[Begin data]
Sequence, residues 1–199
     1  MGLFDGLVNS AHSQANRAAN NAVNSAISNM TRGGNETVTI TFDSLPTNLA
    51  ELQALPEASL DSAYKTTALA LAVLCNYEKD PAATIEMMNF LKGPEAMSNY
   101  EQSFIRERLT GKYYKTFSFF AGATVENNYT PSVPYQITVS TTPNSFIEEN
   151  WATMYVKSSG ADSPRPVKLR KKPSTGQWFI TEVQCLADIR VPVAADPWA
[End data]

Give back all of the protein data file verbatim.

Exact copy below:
Sequence, residues 1–199
     1  MGLFDGLVNS AHSQANRAAN NAVNSAISNM TRGGNETVTI TFDSLPTNLA
    51  ELQALPEASL DSAYKTTALA LAVLCNYEKD PAATIEMMNF LKGPEAMSNY
   101  EQSFIRERLT GKYYKTFSFF AGATVENNYT PSVPYQITVS TTPNSFIEEN
   151  WATMYVKSSG ADSPRPVKLR KKPSTGQWFI TEVQCLADIR VPVAADPWA